No fluid coming out when bleeding brakes can be scary, especially when you don’t know what causes the problem and how to fix it. It is also a sign that your brake fluid is leaking, just as bad as a fuel leak.
In this article, we’ll discuss why brake fluids won’t come out when they’re being bled. We’ll also suggest practical steps to solve the problem and answer a few questions on bleeding brakes.
- 1 Why Is There No Fluid Coming Out When Bleeding Brakes?
- 1.1 – A Blocked Brake Line Will Prevent the Free Flow of Fluid
- 1.2 – Air Bubbles Can Also Clog the Brake Lines
- 1.3 – A Broken Master Cylinder Affects Fluid Distribution
- 1.4 – Faulty Brake Calipers Will Obstruct Brake Bleeding
- 1.5 – A Cracked Brake Fluid Hose Can Leak Some of the Fluid
- 1.6 – A Broken Brake Proportioning Valve May Stop Bleeding
- 2 What Are Solutions to No Fluid Coming Out When Bleeding Brakes?
- 3 Conclusion
Why Is There No Fluid Coming Out When Bleeding Brakes?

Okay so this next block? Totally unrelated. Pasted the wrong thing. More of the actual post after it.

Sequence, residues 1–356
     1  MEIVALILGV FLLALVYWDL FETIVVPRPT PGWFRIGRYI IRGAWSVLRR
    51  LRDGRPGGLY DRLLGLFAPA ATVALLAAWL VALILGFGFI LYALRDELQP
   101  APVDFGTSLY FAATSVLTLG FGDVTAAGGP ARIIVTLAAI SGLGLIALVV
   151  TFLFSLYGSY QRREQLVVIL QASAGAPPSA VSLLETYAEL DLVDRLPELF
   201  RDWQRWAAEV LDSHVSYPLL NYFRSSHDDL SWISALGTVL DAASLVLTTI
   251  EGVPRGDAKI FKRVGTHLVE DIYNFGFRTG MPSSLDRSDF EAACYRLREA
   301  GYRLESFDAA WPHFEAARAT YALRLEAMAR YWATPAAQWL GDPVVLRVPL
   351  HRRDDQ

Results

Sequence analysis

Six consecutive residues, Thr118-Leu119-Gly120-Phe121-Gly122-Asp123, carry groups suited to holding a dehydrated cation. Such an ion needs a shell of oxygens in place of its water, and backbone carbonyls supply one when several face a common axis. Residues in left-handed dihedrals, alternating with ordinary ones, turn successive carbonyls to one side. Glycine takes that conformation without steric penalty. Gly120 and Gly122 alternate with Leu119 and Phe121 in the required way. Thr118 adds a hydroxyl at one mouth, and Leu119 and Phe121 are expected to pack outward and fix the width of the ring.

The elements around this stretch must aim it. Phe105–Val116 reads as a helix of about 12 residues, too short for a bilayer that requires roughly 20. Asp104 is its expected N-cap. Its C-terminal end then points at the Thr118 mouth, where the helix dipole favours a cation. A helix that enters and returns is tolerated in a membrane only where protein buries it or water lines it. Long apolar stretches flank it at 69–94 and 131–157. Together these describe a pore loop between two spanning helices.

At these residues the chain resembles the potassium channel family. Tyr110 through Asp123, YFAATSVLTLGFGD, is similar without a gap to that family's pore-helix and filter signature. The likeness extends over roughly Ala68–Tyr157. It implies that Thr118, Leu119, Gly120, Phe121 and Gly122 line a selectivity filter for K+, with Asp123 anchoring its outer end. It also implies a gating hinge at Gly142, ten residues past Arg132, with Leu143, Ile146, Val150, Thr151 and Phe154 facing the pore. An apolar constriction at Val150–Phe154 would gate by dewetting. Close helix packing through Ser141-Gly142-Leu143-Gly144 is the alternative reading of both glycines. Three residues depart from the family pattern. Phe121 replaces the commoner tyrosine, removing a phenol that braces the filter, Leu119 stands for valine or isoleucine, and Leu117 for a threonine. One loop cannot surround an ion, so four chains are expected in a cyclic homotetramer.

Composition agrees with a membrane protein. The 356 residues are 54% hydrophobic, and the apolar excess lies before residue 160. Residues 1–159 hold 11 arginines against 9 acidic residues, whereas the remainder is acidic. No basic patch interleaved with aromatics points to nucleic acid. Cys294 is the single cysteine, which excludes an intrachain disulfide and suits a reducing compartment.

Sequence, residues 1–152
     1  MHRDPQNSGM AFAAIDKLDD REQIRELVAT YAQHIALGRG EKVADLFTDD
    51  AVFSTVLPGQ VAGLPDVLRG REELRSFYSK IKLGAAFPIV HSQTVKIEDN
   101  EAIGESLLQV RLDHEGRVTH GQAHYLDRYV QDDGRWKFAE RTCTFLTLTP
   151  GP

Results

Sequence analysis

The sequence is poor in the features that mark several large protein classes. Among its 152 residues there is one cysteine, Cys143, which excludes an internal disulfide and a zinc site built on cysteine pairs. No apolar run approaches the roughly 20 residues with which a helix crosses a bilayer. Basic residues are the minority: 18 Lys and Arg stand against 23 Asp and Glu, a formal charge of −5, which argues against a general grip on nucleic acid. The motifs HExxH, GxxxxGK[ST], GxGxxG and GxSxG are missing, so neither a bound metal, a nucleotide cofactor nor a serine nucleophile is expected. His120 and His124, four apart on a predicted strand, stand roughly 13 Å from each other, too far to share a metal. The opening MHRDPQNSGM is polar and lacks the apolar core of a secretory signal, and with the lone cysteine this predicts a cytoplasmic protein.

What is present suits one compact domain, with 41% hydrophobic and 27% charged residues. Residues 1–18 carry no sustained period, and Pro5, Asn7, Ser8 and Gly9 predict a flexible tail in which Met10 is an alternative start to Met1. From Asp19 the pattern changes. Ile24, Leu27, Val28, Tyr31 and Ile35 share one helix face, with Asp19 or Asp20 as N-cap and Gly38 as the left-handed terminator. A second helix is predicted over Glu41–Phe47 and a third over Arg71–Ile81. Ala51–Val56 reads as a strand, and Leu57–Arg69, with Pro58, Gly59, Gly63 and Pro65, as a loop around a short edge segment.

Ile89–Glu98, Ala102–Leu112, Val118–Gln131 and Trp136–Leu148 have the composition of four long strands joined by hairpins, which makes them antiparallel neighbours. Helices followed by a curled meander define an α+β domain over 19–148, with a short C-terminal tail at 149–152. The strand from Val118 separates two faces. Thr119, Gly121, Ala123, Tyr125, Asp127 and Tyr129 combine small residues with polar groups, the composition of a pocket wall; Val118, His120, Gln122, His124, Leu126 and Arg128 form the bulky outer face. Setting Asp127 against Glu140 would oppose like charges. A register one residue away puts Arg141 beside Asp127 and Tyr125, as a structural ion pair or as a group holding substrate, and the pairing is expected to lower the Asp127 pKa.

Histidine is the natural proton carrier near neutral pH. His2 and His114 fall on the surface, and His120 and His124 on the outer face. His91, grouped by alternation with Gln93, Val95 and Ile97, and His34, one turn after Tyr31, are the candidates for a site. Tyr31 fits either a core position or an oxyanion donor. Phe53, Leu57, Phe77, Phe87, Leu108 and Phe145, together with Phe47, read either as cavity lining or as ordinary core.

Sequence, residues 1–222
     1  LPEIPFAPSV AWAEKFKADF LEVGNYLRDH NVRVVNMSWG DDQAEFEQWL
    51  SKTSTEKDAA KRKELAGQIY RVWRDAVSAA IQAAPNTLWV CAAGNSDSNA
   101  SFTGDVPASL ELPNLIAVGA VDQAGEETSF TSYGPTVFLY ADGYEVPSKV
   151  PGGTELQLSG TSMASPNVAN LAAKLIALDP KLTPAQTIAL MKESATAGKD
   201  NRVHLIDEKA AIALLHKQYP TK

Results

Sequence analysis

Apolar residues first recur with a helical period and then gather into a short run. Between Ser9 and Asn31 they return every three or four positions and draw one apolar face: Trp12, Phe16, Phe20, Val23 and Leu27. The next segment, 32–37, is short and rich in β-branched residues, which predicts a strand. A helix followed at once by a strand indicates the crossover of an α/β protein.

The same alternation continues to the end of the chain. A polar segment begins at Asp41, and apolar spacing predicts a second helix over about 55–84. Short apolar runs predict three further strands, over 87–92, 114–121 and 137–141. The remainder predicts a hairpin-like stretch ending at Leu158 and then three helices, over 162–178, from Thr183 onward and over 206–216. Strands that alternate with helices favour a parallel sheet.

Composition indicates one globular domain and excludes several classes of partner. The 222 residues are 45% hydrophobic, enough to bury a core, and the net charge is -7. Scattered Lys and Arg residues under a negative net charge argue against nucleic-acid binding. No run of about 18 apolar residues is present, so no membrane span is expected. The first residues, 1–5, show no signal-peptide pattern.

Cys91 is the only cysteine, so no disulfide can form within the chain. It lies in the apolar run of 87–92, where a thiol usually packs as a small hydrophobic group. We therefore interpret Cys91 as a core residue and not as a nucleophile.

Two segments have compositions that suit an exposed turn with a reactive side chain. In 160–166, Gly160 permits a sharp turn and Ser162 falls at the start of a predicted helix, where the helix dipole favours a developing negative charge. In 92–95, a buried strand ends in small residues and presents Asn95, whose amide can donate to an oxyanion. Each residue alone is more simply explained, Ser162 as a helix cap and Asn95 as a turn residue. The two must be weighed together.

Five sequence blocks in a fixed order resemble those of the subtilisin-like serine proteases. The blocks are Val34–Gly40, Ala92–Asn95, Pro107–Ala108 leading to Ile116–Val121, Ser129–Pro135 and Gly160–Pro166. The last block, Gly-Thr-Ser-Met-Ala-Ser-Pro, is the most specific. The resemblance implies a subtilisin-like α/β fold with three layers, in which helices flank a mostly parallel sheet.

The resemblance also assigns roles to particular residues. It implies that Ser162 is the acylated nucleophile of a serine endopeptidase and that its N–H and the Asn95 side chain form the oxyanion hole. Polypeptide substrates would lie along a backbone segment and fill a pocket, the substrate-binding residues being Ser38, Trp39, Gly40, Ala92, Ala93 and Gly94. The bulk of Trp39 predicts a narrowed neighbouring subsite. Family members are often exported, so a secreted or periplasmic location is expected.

There is no fluid coming out when bleeding brakes because of a clogged brake line or bleed valve, air bubbles, or a faulty master cylinder. It also means the calipers could be faulty, the hoses have cracks, or a faulty proportioning valve might be the cause.
– A Blocked Brake Line Will Prevent the Free Flow of Fluid
Contaminants and debris inside the brake fluid are common as it hardly gets serviced. When these contaminants increase over time, they block the brake lines or valves during bleeding. This is why you have no fluid coming out of brake line when you try to bleed brakes.
– Air Bubbles Can Also Clog the Brake Lines